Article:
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74 Statistical analysis All data values are reported as mean standard error about the mean (SEM). The statistical significance of difference was dete rmined using one-way analysis of variance (ANOVA) and Tukey-Kramer multiple comparison post test. Graph Pad software (Graph Pad, San Diego, CA) was used for this analysis. Diffe rences were considered significant at p<0.05. Results and Discussion Coated grafts A water-in-oil emulsion method was used to pr epare the coating solution for the modified vascular grafts. The average amount coated on the grafts ranged from 3.51-3.65 mg (see Table 5-2). The amount of protein used or solvent us ed for the preparation of the coating solution didn’t significantly affect the amount coating on the grafts. The amount coated on the control graft (B3) was higher than the ot her modified grafts, B1 and B2. The increase in mass might be due to the increase in the amount of BSA used since its molecular weight is 66 kDa, greater than the molecular weight of the other additives. Sensory testing of the grafts revealed that B5 modified grafts were softer than B1-B4 modified grafts. The thickness of the coated gr afts (i.e., B1B5) was approximately 3 um. Encapsulation Efficiency Table 4-2 shows the encapsulation efficiency of BSA of the modified vascular grafts. Increasing the sucrose concentration from 0.6% to 1.2 % increased the encapsulation efficiency of BSA. The encapsulation effici encies of BSA within the modifi ed vascular grafts were 31.9% 0.49 and 40.2% 1.7 for B1 and B2 modified vascular grafts, respectively. The encapsulation efficiency of the control modified vascular graft, B3, was 79.5% 8.6. A reduction in the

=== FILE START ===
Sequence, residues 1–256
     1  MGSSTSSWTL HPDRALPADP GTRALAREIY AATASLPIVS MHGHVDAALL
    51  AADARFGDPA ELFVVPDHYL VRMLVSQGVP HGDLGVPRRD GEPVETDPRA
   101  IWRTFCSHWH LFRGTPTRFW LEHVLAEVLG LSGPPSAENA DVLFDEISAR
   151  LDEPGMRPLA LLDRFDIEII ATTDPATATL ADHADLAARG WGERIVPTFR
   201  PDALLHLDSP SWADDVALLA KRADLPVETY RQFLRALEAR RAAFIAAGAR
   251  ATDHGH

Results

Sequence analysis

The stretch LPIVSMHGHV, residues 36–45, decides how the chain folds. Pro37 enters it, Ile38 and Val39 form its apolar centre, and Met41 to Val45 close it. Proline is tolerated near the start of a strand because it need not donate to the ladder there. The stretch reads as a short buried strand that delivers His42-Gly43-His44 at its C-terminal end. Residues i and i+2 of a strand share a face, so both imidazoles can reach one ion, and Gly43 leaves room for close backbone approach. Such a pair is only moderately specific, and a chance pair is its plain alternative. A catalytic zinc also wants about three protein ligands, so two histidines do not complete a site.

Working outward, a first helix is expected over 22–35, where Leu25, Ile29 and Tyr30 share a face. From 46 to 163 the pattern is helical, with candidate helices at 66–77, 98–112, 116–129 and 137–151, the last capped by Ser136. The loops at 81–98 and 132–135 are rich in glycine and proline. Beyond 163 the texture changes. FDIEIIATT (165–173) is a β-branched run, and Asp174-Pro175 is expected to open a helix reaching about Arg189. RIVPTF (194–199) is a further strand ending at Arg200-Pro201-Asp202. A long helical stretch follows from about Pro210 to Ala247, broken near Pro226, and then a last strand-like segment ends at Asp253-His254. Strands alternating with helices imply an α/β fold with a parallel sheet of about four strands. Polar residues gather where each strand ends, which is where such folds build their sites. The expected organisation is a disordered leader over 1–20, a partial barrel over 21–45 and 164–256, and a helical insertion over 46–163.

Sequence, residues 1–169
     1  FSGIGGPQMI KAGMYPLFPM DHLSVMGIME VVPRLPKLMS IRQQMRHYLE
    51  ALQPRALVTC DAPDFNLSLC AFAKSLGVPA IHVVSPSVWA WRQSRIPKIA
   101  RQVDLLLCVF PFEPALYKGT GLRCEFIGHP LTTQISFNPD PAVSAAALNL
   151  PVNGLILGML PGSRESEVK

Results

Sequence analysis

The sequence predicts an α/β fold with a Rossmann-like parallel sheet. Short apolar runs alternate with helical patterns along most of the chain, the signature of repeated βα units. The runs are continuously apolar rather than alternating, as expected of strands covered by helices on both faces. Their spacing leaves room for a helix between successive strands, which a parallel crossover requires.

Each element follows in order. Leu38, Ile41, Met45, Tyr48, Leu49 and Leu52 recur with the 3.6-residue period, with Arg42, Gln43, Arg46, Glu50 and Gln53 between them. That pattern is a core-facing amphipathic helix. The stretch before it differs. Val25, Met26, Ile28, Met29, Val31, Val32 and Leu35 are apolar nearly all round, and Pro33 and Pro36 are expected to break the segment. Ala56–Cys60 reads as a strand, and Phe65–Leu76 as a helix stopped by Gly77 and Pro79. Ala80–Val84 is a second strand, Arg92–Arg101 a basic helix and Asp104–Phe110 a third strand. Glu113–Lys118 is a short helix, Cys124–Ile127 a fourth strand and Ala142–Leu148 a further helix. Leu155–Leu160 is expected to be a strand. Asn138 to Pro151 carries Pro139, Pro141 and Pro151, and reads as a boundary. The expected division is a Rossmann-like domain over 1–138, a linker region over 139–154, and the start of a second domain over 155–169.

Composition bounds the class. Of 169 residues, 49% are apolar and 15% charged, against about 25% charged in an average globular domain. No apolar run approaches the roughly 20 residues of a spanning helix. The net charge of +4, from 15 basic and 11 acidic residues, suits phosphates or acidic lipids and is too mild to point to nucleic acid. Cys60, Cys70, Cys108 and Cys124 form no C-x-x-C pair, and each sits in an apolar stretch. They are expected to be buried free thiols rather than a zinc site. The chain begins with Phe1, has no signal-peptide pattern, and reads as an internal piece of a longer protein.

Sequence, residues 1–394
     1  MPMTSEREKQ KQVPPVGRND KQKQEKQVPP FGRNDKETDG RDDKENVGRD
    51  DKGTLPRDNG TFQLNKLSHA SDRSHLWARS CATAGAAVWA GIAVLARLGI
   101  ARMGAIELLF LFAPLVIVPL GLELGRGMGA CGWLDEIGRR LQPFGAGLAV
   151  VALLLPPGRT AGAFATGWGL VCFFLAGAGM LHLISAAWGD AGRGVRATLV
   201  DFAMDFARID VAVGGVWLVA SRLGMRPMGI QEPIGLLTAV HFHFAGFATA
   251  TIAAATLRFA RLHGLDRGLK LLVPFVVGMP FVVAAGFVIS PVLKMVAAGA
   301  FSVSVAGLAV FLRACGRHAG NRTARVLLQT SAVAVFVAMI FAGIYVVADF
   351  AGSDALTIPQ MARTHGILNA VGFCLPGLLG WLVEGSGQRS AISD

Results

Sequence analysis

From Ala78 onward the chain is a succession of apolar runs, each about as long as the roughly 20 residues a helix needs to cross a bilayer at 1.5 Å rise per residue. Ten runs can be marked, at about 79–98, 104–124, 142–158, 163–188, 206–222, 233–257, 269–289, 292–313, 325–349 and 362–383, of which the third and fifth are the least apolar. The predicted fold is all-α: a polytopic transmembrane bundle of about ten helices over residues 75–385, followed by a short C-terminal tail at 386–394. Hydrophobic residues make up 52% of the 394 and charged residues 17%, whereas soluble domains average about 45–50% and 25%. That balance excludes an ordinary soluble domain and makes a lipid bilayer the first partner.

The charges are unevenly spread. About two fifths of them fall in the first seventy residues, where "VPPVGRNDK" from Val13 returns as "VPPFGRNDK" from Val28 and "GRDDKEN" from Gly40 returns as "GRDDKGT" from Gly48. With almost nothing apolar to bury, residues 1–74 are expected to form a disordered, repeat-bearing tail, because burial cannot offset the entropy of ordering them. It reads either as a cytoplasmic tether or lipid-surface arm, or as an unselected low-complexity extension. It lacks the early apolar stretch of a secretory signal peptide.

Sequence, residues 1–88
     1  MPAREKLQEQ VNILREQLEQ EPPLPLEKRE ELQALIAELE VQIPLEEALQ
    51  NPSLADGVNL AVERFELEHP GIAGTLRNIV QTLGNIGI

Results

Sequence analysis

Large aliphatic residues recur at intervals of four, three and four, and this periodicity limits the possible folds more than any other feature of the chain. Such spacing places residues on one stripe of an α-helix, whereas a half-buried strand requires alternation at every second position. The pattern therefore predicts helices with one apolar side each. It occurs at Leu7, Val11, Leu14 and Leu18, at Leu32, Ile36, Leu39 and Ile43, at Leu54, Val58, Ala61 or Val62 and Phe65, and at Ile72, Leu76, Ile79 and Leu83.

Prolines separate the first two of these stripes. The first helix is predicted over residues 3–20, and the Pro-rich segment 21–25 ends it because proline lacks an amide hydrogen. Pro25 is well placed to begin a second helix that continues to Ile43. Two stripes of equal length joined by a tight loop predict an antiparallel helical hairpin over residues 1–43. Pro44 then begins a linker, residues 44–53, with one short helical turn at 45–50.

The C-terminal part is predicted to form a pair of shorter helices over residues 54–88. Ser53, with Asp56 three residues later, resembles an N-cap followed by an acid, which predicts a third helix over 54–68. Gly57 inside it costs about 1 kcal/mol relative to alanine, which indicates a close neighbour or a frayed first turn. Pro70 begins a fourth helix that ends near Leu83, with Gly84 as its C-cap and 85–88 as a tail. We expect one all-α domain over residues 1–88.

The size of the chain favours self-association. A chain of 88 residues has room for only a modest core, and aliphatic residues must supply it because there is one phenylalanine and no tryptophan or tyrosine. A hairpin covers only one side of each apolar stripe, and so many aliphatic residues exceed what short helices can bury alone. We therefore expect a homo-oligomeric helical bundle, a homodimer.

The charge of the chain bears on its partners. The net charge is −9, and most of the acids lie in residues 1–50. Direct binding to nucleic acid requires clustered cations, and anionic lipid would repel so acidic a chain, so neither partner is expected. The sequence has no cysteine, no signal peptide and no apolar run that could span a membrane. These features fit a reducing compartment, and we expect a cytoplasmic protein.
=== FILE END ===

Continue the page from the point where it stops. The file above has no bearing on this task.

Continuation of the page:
PAGE 75